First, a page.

22Ait Singh recorded a story and a poem in the afternoon of 29 May 1916 between 12:45:00 and 05:01:35 in the Ehrenbaracke (honour barracks) of Halbmondlager. The recording required four phonograph cylinders, labelled with the call numbers PK 246, PK 250, PK 251 and PK 252/3. The first three cylinders contain some episodes of a story. Recording PK 252/3 consists of a poem. The personal file states that the second part of the story is recorded on cylinder PK 247, but this is not in the archive. PK 251 is identified as the concluding part of the story. With the poem, the archive therefore contains 7:07 minutes of Ait Singh’s voice recording.

The Story16

  • 16 For the full transcription and translation, see Appendix 1, Sections 1-3.

23The story Ait Singh recorded is the first of India’s famous vampire riddle-tales known as the Vetāla-pa͂ncaviṃśati (‘The Twenty-Five Tales of an Animated Corpse’). Why did Ait Singh record this particular story as opposed to something else? To answer this question we first study the transformation of these vampire riddle-tales from the original Sanskrit into Indian vernacular versions and eventually into European languages.

  • 17 Literary language of north-central India until the nineteenth century.

24The four main Sanskrit versions of these stories, which are thought to have been rooted in oral tradition, are likely to have been composed in the early- to mid-second millennium (Sathaye 2017: 3). The version by Shivadasa from Gujarat c. 1200 became the most popular version and was translated into a number of vernaculars. Surati Mishra translated Shivadasa’s Sanskrit version into Braj Bhasha17 prose under the title Baitāl Pacīsī in c. 1700. This was translated into Hindi (1805) under the same title by Lallu Ji Lal assisted by Mazahar Ali Khan Wila for use in language courses for East India Company staff officers at Fort William College, Calcutta. It was later simplified by Tarini Charan Mitra. Duncan Forbes published another revised and simplified version of it in Hindustani (bearing more Persian or Urdu influences) in 1861 (Forbes 1861: v-vi). Meanwhile, English and German translations were also already being published in the nineteenth century in Europe before Ait Singh arrived and recorded his version of one of its stories in Germany. Early versions published in Europe include John Platts’ English translation in 1871 (based on Forbes 1861) and an 1881 German commentary on Shivadasa's version by Heinrich Uhle. A printed Nepali version was available on the Indian market, but it is difficult to trace the date of its first publication. In 1916 Sir George Abraham Grierson included the introductory chapter – the frame story – from a printed book as a text example of Khas-kura (or ‘Naipalī’) (Grierson 1916: 69–74).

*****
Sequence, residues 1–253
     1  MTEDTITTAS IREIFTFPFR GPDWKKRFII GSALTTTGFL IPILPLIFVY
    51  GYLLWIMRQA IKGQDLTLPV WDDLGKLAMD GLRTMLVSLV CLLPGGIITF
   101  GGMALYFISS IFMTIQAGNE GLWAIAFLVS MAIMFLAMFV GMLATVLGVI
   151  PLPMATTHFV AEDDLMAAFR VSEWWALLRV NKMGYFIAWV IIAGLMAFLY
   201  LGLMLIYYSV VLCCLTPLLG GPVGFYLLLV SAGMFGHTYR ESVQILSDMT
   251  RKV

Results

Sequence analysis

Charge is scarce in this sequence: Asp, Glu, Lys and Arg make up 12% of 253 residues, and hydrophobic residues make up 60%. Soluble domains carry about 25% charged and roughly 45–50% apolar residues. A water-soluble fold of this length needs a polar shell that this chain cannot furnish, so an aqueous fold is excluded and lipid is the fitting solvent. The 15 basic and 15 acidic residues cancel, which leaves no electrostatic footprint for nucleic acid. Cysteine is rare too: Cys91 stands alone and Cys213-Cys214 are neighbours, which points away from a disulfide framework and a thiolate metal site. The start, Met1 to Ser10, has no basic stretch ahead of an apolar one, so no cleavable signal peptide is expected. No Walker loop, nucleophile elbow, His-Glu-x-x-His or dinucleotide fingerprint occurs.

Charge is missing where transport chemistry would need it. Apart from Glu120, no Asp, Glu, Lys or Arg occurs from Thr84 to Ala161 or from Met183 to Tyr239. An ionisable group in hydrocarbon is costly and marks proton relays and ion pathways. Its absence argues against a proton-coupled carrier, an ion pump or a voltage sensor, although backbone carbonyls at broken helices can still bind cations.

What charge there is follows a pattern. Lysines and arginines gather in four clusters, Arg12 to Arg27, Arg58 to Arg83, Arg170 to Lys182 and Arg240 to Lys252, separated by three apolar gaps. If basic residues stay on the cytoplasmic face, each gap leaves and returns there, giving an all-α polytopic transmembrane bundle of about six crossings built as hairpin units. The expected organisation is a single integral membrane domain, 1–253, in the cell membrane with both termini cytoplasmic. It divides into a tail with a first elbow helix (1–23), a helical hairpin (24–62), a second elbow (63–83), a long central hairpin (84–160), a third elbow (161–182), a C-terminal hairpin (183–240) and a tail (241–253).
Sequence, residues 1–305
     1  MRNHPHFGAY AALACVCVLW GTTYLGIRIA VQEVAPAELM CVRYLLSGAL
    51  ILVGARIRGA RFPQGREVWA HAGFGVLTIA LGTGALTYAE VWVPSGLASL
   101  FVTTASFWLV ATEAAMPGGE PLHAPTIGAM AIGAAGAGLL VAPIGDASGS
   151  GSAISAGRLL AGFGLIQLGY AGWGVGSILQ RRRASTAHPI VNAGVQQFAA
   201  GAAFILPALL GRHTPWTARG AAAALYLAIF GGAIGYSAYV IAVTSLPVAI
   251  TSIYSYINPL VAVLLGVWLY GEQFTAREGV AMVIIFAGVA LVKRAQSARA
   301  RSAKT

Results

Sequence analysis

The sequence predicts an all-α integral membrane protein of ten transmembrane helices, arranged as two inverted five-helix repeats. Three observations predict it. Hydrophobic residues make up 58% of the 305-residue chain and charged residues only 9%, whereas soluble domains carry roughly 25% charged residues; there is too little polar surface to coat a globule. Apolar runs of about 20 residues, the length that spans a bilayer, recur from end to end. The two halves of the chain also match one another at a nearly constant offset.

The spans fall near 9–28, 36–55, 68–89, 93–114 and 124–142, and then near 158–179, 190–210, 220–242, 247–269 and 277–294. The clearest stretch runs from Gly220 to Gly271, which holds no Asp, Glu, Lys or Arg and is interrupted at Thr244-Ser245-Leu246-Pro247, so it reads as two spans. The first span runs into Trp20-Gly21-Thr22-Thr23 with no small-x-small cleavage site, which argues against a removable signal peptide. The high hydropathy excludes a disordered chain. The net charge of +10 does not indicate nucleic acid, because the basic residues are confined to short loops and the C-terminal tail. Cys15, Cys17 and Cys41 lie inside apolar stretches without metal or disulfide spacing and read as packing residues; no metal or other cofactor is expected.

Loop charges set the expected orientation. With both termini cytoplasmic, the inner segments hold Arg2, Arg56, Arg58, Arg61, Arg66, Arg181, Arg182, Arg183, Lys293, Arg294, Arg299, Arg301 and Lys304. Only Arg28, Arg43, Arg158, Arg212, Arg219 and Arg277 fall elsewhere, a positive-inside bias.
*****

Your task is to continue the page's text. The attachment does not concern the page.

25The above details all bear witness to these 25 stories being popular during the period in question. This compilation was one of the set texts in the entrance examination for candidates entering the East India Company's military service (Barker and Backhouse 1855: vi).

  • 18 There is good reason to assume that he knew a Nepali version: in the version he recorded he introd (...)